World’s first NFT “digital house” sells for over $500K

Krista Kim’s “Mars House,” a non-fungible token of a virtual home, sold for Ethereum tokens

National Weekend Edition /
Mar.March 20, 2021 12:00 PM
Krista Kim’s “Mars House” (Vimeo via Krista Kim)

Krista Kim’s “Mars House” (Vimeo via Krista Kim)

Is it a house? Is it art? Is it merely a string of code? Whatever you want to call “Mars House,” it just sold for more than half a million dollars.

Toronto-based artist Krista Kim was asking 30 Ethereum tokens for a non-fungible token of a slick virtual home set on Mars. She eventually accepted an offer of 288 Ethereum tokens, the equivalent of $515,459.

The buyer, under the name @artontheinternet, purchased the NFT on the SuperRare platform. The same buyer purchased $44,000 worth of NFTs from Kim earlier in the week week.

Kim said on Twitter that the “majority of proceeds” would go toward an organization to “support a world tour of healing sound and light installations for mental health and healing.”

Architectural Digest called it “the world’s first digital NFT home.”

A NFT is sort of a stamp of authenticity for digital media, like an image, video or song. They are most commonly used to trade ownership of an “original” version of something, although they can be used to represent anything, even a copy of some media.

Ownership is tracked on a blockchain, similar to the tech used for digital tokens like Bitcoin and Ethereum itself.
A NFT collage by artist Beeple recently sold for $69 million at a Christie’s auction, setting a record.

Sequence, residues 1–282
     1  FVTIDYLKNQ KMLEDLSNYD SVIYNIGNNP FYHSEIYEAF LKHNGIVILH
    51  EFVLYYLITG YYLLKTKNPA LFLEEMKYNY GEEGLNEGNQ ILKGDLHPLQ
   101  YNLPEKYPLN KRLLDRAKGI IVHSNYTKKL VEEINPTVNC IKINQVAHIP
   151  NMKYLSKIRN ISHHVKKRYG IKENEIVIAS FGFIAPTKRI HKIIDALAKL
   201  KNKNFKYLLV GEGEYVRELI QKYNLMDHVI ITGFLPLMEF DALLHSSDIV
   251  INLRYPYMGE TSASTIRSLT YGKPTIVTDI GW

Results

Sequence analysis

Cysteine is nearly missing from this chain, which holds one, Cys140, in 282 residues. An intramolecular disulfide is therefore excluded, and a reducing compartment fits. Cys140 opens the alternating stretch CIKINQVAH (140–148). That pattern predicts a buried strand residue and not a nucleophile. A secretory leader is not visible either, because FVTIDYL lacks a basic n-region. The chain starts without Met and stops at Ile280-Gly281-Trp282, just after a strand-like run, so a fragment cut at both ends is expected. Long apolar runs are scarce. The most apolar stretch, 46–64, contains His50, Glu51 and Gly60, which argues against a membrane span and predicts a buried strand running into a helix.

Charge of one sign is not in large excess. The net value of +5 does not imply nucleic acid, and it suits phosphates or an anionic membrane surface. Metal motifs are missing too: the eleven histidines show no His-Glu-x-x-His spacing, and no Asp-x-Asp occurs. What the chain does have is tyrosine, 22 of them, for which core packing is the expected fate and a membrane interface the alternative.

Kim designed Mars House using Unreal Engine, which is used mostly to design video games. The house can be accessed in 3D through any computer that can render it, but is reportedly best experienced through a virtual reality headset. It also comes with a soundtrack by former Smashing Pumpkins member Jeff Schroeder.

The buyer of Mars House can also have all of its iridescent and gradient furniture made in real life by a Italy-based glass furniture maker.


Related Articles

arrow_forward_ios
Celebrity broker Ryan Serhant is renting his Hudson Square penthouse. (Serhant)
Ryan Serhant rents Lower Manhattan penthouse for $15K
Ryan Serhant rents Lower Manhattan penthouse for $15K
Birmingham and Bournemouth both saw a giant increase in demand. (Getty)
Demand for rentals rises in UK’s largest cities in Q1
Demand for rentals rises in UK’s largest cities in Q1
This Arkansas compound  sits directly across from the University of Arkansas football stadium. (Getty, Realtor.com)
Arkansas’ priciest home lists near Fayetteville football stadium
Arkansas’ priciest home lists near Fayetteville football stadium
Philip Falcone and his homes at 142 Crestview Lane in Sagaponack and  22 East 67th Street (Getty, Corcoran, Google Maps)
Foreclosure on Phil Falcone’s homes can move forward
Foreclosure on Phil Falcone’s homes can move forward
BHS CEO Bess Friedman, Sotheby’s CEO Philip White REBNY head James Whelan, Douglas Elliman executive chairman Howard Lorber and Corcoran CEO Pamela Liebman (Getty, iStock)
Broker fee ban an “error,” court rules
Broker fee ban an “error,” court rules
Christopher Riccio
Christopher Riccio joins Douglas Elliman, bids Leslie J. Garfield farewell
Christopher Riccio joins Douglas Elliman, bids Leslie J. Garfield farewell
Brooklyn saw increases in prices, sales and inventory. (Getty, Two Trees)
Brooklyn’s median sales price hit record high in Q1
Brooklyn’s median sales price hit record high in Q1
Mitchell Kossoff (iStock, Kossoff, PLLC/Illustration by Kevin Rebong for The Real Deal)
Landlords seeking millions from real estate attorney who disappeared
Landlords seeking millions from real estate attorney who disappeared
arrow_forward_ios

The Deal's newsletters give you the latest scoops, fresh headlines, marketing data, and things to know within the industry.

Loading...